Another major breakthrough in sipe technology is the introduction of micro-gauge siping, which is really just a fancy way of saying ‘thinner sipe grooves’. However, the benefit of a thinner-gauge sipe is that the groove can now be cut much deeper into the tread block, and thus provide better grip throughout the tyre’s life – not just for the first few thousand kilometers.
The Cooper AT3 LT is a great example of a tyre with deeper treads, as well as micro-gauge sipes that are both internal, and exiting of the tread block. All of these features vastly improve the tyre’s off-road traction, longevity and cut and chip resistance.
The additional benefit of a micro-gauge sipe is that the tyre is far less likely to pick up stones that then become trapped within the groove, leading to potential stone drilling and punctures.
Another major advancement in off-road tread design can be found on the sidewalls of certain tyres, where a purposely-engineered flex groove is moulded into the tyre’s shoulder. This groove helps to dampen impacts on uneven terrain, but more importantly, it dramatically improves sidewall flexibility at low pressures, which means more grip and better off-road safety.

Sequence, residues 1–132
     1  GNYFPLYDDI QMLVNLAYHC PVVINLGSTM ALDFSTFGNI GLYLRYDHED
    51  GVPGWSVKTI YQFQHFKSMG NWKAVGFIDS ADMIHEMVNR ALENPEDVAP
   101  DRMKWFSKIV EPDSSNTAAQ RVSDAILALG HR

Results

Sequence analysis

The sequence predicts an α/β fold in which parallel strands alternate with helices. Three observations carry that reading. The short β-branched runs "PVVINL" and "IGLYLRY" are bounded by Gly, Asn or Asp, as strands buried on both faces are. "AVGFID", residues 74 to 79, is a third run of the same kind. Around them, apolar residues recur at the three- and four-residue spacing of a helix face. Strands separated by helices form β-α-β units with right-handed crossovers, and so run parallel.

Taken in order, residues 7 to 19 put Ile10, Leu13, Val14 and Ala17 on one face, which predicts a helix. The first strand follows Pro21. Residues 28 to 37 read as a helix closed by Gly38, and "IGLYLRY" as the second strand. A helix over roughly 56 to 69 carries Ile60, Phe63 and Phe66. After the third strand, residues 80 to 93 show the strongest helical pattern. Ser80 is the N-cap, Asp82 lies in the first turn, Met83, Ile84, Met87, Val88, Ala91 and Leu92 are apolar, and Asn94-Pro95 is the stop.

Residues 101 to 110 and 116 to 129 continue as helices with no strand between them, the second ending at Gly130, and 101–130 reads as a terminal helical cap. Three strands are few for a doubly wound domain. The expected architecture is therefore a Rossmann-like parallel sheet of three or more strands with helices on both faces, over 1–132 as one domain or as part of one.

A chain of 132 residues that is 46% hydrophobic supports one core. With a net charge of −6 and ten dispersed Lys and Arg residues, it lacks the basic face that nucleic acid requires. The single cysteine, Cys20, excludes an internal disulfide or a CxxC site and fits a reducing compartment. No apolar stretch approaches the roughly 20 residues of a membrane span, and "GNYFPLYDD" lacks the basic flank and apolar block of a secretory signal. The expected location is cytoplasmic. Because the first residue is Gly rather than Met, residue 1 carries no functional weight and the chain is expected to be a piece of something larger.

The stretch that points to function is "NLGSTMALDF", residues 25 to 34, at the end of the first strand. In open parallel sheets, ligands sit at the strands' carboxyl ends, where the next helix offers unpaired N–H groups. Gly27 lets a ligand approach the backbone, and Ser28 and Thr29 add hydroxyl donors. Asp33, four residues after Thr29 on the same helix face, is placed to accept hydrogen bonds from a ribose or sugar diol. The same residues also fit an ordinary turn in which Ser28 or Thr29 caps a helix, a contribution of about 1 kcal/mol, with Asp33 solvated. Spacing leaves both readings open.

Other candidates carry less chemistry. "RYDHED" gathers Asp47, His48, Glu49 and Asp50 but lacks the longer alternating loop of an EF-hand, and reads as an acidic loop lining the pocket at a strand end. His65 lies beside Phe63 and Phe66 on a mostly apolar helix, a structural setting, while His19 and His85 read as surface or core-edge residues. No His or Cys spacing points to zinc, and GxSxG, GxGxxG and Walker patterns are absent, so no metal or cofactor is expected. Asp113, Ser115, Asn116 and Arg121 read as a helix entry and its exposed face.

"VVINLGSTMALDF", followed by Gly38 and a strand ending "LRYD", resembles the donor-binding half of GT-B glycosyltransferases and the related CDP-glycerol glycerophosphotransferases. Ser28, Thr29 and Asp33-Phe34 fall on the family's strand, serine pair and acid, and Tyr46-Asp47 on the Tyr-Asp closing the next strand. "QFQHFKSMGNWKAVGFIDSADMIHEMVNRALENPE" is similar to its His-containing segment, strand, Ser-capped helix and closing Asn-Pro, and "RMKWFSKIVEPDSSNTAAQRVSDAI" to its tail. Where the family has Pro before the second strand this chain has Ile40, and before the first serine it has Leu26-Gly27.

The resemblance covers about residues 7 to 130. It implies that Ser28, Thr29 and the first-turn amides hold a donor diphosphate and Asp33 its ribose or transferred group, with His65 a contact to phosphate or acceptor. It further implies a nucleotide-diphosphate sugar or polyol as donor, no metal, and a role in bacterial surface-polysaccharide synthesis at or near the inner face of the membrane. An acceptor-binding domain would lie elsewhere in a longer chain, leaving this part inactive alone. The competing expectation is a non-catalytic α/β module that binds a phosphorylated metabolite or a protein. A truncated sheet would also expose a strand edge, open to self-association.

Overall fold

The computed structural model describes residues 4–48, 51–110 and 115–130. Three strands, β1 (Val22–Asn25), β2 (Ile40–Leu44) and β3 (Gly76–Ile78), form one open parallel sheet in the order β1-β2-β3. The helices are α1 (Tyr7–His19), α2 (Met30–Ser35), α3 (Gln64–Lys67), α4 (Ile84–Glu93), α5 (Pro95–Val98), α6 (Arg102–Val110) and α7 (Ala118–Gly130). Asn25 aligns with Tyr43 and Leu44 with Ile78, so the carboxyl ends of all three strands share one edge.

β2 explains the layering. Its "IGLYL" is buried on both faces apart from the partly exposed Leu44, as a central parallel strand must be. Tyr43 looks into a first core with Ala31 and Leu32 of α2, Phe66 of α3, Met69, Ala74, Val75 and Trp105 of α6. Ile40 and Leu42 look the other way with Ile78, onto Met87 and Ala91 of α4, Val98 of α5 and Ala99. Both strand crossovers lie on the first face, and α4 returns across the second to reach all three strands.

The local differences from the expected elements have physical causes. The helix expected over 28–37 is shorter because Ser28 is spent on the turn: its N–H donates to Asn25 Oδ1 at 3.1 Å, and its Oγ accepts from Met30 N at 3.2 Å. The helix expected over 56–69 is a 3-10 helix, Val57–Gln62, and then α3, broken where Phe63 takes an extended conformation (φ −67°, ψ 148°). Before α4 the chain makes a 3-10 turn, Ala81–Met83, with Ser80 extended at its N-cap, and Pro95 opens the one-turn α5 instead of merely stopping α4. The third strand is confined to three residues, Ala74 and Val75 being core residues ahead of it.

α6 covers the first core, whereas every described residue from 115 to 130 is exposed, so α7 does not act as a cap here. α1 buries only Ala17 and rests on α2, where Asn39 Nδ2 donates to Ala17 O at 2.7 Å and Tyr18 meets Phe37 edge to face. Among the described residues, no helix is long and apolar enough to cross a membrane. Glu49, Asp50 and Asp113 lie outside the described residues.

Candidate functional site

However, the subject of traction isn’t solely dependent on tread block shape and size, which brings us to…
Much like the foundation of your house, the carcass of a tyre accounts for up to 70% of the tyre’s strength. It’s also where much of the force and friction (acting against the tyre) is absorbed.
Load-carrying capacity, pressure performance, heat tolerance and puncture resistance are all features directly linked to the construction of a tyre’s carcass.
But the list doesn’t stop there; the rigidity of your tyre’s carcass will also play a role in your 4x4’s steering response, particularly when it comes to large-size vehicles and SUVs that need to perform an emergency manoeuvre or evasive steering action. A strong carcass will reduce fishtailing and body roll, while allowing the vehicle to quickly return to centre steering.
To sum up, buying an off-road tyre with a weak carcass is like building your house on sand.